Barbara J. King

All this summer, bears have been on my mind.

Last month, Undark Magazine published an essay I wrote about the time I thought I was a bear.

Think about the last time you were bored — seriously and persistently bored.

Maybe you had to carry out some mind-numbing repetitive task for hours on end, or maybe you were just trapped at the airport or train station, waiting out a lengthy delay without a good conversational partner, book, or movie. You look at a clock and it seems to move at a surreal, glacial pace.

Rock art images of bulls, bison, horses, lions, rhinoceros, and other animals from caves like Lascaux and Chauvet in France and Altamira in Spain have become popular icons showcasing the antiquity of human-animal relationships, as well as human creativity.

Robots posing as people online are "a menace," Tim Wu wrote recently in The New York Times.

Bots swarm the Internet pretending to be human, slinging election propaganda and controlling hot Broadway tickets.

Babies are born at all hours around the clock. They show up when they're ready! I heard this folk wisdom all the time when I was pregnant with my daughter in 1993. As it turned out, Sarah was born (with just a little nudge from Pitocin, the synthetic version of the hormone oxytocin) at 6:41 on a Saturday evening.

Just two generations ago, most babies did come around the clock.

Now, though, most babies born in the U.S. arrive Monday through Friday between 8 a.m. and 6 p.m.

One busy morning at the Seaford Veterinary Medical Center in Yorktown, Va., two cats brought in by their owner waited in their carriers in the lobby because all of the exam rooms were filled with animals.

These two were nervous creatures, what the center's hospital director, Lowrey Reynolds, told me are termed "red zone cats" — distinct from the more moderately distressed "yellow zone" or laid-back "green zone" cats. In the past, these cats have required anesthesia just to get through a veterinary visit.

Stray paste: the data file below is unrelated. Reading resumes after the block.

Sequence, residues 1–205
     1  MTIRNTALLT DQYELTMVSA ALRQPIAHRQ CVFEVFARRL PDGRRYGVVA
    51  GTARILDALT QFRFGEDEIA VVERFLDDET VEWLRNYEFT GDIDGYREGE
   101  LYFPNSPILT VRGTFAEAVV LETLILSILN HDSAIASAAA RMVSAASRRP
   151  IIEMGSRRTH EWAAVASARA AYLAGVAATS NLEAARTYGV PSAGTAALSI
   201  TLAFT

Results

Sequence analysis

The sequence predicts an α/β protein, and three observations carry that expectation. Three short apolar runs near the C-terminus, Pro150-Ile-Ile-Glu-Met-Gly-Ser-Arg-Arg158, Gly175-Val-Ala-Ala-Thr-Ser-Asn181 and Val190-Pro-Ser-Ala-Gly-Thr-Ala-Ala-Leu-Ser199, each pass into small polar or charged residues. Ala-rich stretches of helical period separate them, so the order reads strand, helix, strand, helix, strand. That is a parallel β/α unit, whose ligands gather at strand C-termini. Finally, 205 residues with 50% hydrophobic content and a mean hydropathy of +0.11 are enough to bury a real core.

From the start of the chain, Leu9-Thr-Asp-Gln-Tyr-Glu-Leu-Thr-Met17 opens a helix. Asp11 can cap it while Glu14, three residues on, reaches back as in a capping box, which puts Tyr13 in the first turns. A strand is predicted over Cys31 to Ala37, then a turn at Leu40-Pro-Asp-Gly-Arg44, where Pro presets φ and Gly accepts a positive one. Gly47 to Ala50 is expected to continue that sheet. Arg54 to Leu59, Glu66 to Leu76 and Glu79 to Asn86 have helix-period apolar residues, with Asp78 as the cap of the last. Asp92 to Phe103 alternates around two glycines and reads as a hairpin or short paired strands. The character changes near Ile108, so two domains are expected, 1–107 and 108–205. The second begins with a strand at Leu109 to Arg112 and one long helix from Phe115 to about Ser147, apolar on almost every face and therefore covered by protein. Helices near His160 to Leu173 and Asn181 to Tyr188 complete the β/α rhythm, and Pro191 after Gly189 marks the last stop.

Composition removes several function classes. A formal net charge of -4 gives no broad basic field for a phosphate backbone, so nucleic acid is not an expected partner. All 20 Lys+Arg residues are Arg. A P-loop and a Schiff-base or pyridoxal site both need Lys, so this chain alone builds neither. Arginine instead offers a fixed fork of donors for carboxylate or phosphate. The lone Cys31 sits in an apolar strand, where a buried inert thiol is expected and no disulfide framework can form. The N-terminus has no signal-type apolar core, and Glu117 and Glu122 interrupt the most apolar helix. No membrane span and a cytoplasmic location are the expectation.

In a new book, University of North Carolina, Charlotte anthropologist Jonathan Marks says that racism in science is alive and well.

This stands in sharp contrast to creationist thinking, Marks says, which is, like racism, decidedly evident in our society but most certainly not welcome in science.

I write science, but I read memoir.

The pairing of memoir and science writing can be an excellent conduit for learning: What may strike a reader as somewhat abstract in science writing may become more real when encountered in a searing narrative of a person's own highly specific experience.

Here's a look at a trio of recent memoirs that involve three topics I've written about at 13.7 -- fatness, cancer and gender (though really, gender is threaded through all three):

Hunger: A Memoir of (My) Body

A video clip posted this month on YouTube and other sites shows a wild condor, having just flown down from the sky, walking toward and embracing a man in a very moving way. It is capturing attention worldwide and raising some intriguing questions about animal behavior.

Remember the movie Quest For Fire?

It's an iconic Hollywood moment: Ancient humans discover how to make fire. It happens pretty quickly, and there's a chase scene — starring a saber-toothed tiger — to heighten the suspense.

Off the big screen, though, evolutionary changes, including cognitive-behavioral changes that would underpin our species' control of fire, often happen in fits and starts over lengthy periods.

Pages